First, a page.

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Successful, confident people — are they cleverer and more talented than the rest of us? Or have they just mastered the art of presenting themselves in the best possible way? Do you approach the stressful bits of life — job interviews, first dates, etc. — with a sense of dread? Well, it’s time to change that. Turns out you really can “fake it till you make it.”

For some, confidence comes naturally, but for the rest of us… well, at this point, you’re probably thinking if it’s so easy to pretend to be confident, why isn’t everyone doing it?

In a recent TED talk, social psychologist Amy Cuddy emphasised that non-verbal communication actually makes a huge difference not only to the way others perceive us, but also to the way we perceive ourselves. This talk highlights a study which measured how well people performed in job interviews with and without just one thing – the subjects were asked to strike a “power pose” before the interview.

While it might seem a little delusional to think that faking your way through life is possible, researchers have found that acting (and it IS acting) in a certain way actually makes your brain “rehearse” a different way of thinking, which becomes easier each time you try it.

So, strike a pose
Amy Cuddy’s study found that subjects who tried the “power stance” for two minutes – hands on hips, chest and head lifted – showed a decrease in cortisol (the hormone our bodies release when we’re stressed) and an increase in testosterone (the hormone usually related to confidence and dominance). So it is possible for your body to change your mind.

Smile and world smiles with you
Cheesy? Maybe. But studies have shown that subjects who were asked to perform multitasking-type tests performed better while smiling. If you’ve ever tried smiling at complete strangers, you will know that most people respond positively to a smile. Listening to happy music also definitely helps to improve your mood, and consequently will make those smiles more genuine.

Loosen up
Singers, actors and dancers wouldn’t dream of going on stage without warming up their facial muscles. It’s impossible to smile naturally if your facial muscles are tense. You may look weird, but hiding yourself in the loo before an interview or date, pulling faces and (pretend) chewing vigorously will loosen up your face and make that winning smile easier. While you’re hiding out in the loo, try to slow down your breathing, which will slow your heart rate and make you feel more relaxed.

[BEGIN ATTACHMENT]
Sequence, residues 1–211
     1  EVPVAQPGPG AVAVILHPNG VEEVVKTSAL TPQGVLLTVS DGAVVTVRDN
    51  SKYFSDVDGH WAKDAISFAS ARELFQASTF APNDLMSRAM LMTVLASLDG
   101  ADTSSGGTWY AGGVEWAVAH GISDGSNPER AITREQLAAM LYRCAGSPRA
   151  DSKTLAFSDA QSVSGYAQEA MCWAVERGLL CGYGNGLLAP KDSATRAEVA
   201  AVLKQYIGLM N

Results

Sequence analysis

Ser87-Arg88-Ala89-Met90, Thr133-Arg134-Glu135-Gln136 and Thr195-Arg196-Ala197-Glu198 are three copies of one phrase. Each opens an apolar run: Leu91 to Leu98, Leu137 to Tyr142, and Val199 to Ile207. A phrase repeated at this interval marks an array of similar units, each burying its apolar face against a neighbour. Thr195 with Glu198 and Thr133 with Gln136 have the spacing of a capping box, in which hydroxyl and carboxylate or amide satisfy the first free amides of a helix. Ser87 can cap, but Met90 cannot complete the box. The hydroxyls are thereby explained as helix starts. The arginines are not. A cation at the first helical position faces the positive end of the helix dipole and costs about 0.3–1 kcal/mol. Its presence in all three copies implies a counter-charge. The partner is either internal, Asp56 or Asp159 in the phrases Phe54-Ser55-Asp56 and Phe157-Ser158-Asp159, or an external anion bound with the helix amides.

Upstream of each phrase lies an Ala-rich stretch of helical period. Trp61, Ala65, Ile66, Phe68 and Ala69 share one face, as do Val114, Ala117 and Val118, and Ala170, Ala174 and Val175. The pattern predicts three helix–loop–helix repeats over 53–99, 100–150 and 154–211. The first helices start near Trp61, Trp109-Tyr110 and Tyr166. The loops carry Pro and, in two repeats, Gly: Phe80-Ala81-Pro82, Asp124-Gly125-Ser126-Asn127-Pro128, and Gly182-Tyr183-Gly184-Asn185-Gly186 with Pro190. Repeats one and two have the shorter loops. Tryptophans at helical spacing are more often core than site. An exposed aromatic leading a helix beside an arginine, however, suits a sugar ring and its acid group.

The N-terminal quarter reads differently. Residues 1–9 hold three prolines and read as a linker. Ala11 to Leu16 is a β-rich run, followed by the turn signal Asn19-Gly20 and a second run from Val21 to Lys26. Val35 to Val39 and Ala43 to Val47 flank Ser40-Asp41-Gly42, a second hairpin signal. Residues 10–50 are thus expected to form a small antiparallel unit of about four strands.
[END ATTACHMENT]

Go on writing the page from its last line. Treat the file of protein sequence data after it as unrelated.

Eye to eye
Do make eye contact. If this is difficult for you, then practice. No point making eye contact and panicking because of it. Which leads us to next bit of advice – don’t fidget. Tapping your hands and feet are dead giveaways. Slowing down your breathing (see time in the loo above) will help you control the urge to start air-drumming.

Dress for success
Roxette said it perfectly in their 1988 hit – “I’m gonna get dressed for success / Shaping me up for the big time, baby.”

Researchers at the Kellog School of Management found that performance improved when the individual wore clothes associated with positive qualities. Subjects who wore a lab coat performed significantly better than those who wore the identical garment (but were told it was an artistic painters’ coat). In other words, those who thought of themselves as scientists or doctors showed heightened attention compared to the other group. Clearly the symbolic meaning of the coat played a part in their success, but so did the physical experience of wearing it.

Make it real
If you’re in an interview (or on a date for that matter) – listen actively. In other words, instead of planning your next answer, listen properly. Don’t simply agree with the other person — be real and say what you actually feel. Always speak the truth. And that means admitting that you may have flaws. No-one will be taken in by someone who appears to be perfect. Owning your flaws is not negative, it’s honest. And while we’re on the subject of honesty, admit your mistakes. Right now, you may be thinking “is all this really possible? And wise? Surely admitting faults will count against you?” On the contrary, the more transparent you are about your strengths and weaknesses, the more likely you are to be successful.

Always speak the truth. And that means admitting that you may have flaws.

No-one will be taken in by someone who appears to be perfect. Owning your flaws is not negative, it’s honest. And while we’re on the subject of honesty, admit your mistakes. Right now, you may be thinking “is all this really possible? And wise? Surely admitting faults will count against you?” On the contrary, the more transparent you are about your strengths and weaknesses, the more likely you are to be successful.

Short and sweet
When it comes to communication, keep it short and sweet. Your CV or your email to a prospective employer or investor (or romantic interest) should say only what is necessary. Brevity shows clarity of thought. If you ramble on, chances are no-one will even bother to finish reading.

Finally, experts agree that most of us will suffer from “imposter syndrome” at one time or another. This syndrome is the fear that everyone around you will find out that you actually aren’t as clever or accomplished as they think you are. So, step by step, each time we are in a situation where we are required to present our best side, we have an opportunity to reduce that fear. This doesn’t mean pretending to have skills that you clearly don’t, but rather pretending that you have the confidence to get the job done, until you really do. Watch Amy Cuddy’s TED talk.

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